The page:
52
So, there are more child care establishments with less employees? Is that because of less demand or less staff willing to work, which reduces possible capacity and still meet state child to employee ratios? Are they making more due to less staff or raised prices, or both?

I haven't looked into the numbers deeply but I would imagine that the increase in establishments while there has been a decrease in workers is likely because many larger child care providers closed their doors early in the pandemic and then some child care workers who initially lost their jobs quickly opened up their own facilities. But if 1000 facilities that employ between 5 and 9 workers are replaced by 2000 facilities that employ fewer than 5 workers, we're still going to have a net decrease in capacity (unfortunately, recent establishment by size of employment figures aren't available yet).

I imagine demand for child care services absolutely plummeted in March - May of 2020, which according to the national monthly employment numbers in that industry, is when that industry really shed their jobs. Again, these are really low paid jobs so if those workers wanted another job, they probably haven't had much trouble finding a new one where they are likely making more than they were previously, especially starting around in the fall. Now that demand for child care services is likely returning, these small employers are struggling to re-hire because a) many of those they let go have moved on to other occupations, b) they still offer low wages making the industry not very attractive, and c) these are small employers without the time/capacity to dedicate to HR in order to staff up quickly.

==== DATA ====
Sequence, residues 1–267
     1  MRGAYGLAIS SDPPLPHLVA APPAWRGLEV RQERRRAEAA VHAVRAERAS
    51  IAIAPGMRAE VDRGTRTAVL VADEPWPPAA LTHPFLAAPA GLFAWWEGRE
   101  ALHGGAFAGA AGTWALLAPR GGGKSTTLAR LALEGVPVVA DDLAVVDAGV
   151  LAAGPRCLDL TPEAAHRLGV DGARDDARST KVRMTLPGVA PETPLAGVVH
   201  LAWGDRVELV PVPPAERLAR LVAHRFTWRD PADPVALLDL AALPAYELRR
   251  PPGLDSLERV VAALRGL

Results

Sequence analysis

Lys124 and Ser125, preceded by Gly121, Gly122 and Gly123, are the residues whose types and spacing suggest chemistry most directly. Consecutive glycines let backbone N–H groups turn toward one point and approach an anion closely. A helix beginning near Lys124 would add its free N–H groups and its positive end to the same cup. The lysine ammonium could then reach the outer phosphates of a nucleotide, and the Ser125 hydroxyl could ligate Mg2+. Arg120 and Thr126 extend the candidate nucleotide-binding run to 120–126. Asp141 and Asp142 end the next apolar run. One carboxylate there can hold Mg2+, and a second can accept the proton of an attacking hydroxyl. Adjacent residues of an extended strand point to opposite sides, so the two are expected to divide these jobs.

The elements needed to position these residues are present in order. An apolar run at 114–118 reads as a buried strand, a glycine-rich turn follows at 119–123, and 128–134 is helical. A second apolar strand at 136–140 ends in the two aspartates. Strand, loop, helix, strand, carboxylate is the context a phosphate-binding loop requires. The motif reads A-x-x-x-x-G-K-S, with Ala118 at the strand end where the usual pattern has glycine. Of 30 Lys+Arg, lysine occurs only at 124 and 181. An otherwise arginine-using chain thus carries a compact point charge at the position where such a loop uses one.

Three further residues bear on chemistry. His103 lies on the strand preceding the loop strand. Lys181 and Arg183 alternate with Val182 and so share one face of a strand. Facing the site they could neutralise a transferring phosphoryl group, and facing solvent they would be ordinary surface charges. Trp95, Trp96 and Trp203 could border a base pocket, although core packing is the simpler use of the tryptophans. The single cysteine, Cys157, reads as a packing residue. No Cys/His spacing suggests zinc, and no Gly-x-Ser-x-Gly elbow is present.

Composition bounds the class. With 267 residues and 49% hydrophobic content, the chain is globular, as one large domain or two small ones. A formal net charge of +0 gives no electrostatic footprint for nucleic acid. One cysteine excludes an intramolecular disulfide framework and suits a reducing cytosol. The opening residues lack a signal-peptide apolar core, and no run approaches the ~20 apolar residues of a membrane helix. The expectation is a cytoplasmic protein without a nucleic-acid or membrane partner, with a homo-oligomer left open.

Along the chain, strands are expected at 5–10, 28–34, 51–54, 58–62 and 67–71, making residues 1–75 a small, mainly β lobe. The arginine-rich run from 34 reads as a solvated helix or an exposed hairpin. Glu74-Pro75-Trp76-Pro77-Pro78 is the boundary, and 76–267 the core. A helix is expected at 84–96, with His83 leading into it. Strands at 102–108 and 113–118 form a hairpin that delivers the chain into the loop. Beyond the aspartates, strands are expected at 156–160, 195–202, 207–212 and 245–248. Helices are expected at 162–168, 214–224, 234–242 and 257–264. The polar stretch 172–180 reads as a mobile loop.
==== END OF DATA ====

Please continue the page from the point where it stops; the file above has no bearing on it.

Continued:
I think the labor market is going to continue to be crazy in so many of these low paying hospitality, service, and retail jobs until the early fall when schools are hopefully back full time and parents, who would otherwise be working parents, have some semblance of normal life again and things should really improve once vaccines are available for the under-12 set and many parents are more comfortable putting their children back into child care.
 

michaelskis

Cyburbian
Messages
20,962
Points
58